Remembering other 9/11s: Landmarks of History
What is secular and what is religious? As a Hindu I can be spiritual but not religious and vice versa. I can choose to be at any end of the spectrum. Yet, God's relevance matters so aptly said by Swami Vivekananda over a hundred years ago, but equally relevant now:
" All differences in this world are of degree, and not of kind, because oneness is the secret of everything.....As different streams having different sources all mingle their waters in the sea, so different tendencies, various though they appear, crooked or straight, all lead to God......Where can we go to find God if we cannot see Him in our own hearts and in every living being.....The moment I have realized God sitting in the temple of every human body, the moment I stand in reverence before every human being and see God in him - that moment I am free from bondage, everything that binds vanishes, and I am free......"
9/11" has become synonymous with an event of terrorism that changed America. Though much has happened, the American spirit of goodness, of compassion and patriotism remains as strong as ever. This has allowed an interfaith movement to sweep through the country. It has created an environment where a concerted effort has gone in to reduce Islamophobia, through education and service. Interfaith dialogues and prayer meetings have helped to bridge the chasms. Sacred spaces play an important role.
Of course, America needs to continue to defend its freedom. We must support our brave men and women as they continue to protect us. But, we need to keep in mind that acts of terrorism, such as what happened at the World Trade Center on 9/11, or recently in India at Delhi and earlier in Mumbai, does not define a whole religion or a whole community of people. We need to be careful of stereotyping others. Lest it be done to us. They (whoever the "other' are) are also our neighbors and friends in our communities and schools. And, now all of us must take responsibility of turning the country away from the negative mindset; towards one of prosperity and peace.
As we celebrate the 10th anniversary, I am reminded of Gita's teaching of acceptance. I believe, we, as a country of diverse communities, need to accept the events happened; and then get beyond it.....
I have reached a point where I certainly don't want our future generation to remember 9/11 just as a day of destruction and negativity. I support our country's efforts of calling it a National Day of Service and Remembrance, where the country is bridging the faith divide, by working on interfaith service projects, by honoring service men and women, by sharing the many stories of goodness.
I propose we remember that history records ANOTHER 9/11; one of non-violence and interfaith dialogue, the first global Parliament of World Religions, held here in America. Let us bring the "other 9/11" to the forefront. Perhaps now IS the time to invoke that memory!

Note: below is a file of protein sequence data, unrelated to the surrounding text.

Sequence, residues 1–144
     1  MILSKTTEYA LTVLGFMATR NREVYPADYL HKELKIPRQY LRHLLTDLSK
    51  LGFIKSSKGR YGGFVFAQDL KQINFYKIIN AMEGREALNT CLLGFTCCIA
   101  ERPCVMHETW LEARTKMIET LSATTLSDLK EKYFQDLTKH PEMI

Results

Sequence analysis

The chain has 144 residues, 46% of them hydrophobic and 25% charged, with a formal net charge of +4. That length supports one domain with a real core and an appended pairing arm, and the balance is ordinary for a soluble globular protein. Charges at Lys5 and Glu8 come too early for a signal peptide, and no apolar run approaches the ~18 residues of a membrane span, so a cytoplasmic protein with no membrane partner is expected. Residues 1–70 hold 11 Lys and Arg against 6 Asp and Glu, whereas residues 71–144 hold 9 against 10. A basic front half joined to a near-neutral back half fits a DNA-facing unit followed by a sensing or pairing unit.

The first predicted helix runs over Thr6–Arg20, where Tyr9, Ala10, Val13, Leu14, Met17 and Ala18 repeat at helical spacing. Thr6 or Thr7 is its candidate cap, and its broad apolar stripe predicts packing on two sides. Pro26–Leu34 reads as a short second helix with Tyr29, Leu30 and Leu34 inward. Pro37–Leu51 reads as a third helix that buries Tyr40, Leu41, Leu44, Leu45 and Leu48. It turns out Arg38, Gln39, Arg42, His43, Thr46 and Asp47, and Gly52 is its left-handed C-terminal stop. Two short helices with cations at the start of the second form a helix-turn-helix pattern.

Ironically, it was on 9/11 of 1906 that Mahatma Gandhi started his Satyagraha movement of non-violence in South Africa, influenced by Thoreau's Civil Disobedience essay. Thoughts have no boundaries. This launch of the Modern Non-Violent Resistance Movement influenced America's Civil Right's Movement. Senator Harris Wofford who recently addressed the Hindu American Seva conference at the White House shared with us his journey to India to understand the Gandhian thought (including seva movement) and of bringing it to America, serving as an advisor to Dr. Martin Luther King.
"Brothers and Sisters of America. It fills my heart with joy unspeakable to rise in response to the warm and cordial welcome, which you have given us. I thank you in the name of the most ancient order of monks in the world; I thank you in the name of the mother of religions, and I thank you in the name of millions and millions of Hindu people of all classes and sects. "
The America of that time was divided along racial lines. Yet, it warmly embraced the message of Swami Vivekananda's (a "colored person" in the parlance of that time). Today, the governing body of the revived Council of Parliament of World Religions is represented by all major faiths. I am honored to be part of this august body which is working hard to amplify the interfaith principles globally.
As I see it, the American Vedic Hindu path, which started with the transference of knowledge from India by Swami Vivekananda, is a path on which our immigrant Vedic Hindu community and its progeny are grafting on to and traveling, along with many in the mainstream community, starting from Emerson, Beatles, etal. The many aspects (such as yoga) have today become ubiquitous in America resulting in, we hope, increased understanding.
So, let me, with folded hands, just say Namaste and honor the divine in each of us. Let us respectfully remember all impacted by the 9/11 tragedy. As we move forward let us remember the multi-historical facets of 9/11.
Let us fill our consciousness with the positive and collectively, bridging all divides, become proactive problem solvers, innovators and job creators, for our country.
Om, shanti, shanti, shantih!!! Let there be peace, peace and everlasting peace, only.
I realize I could not write this remembrance without invoking God. Whether we choose to define it as secular or religious to me the divine is ever-present.
September 8, 2011; 7:48 AM ET
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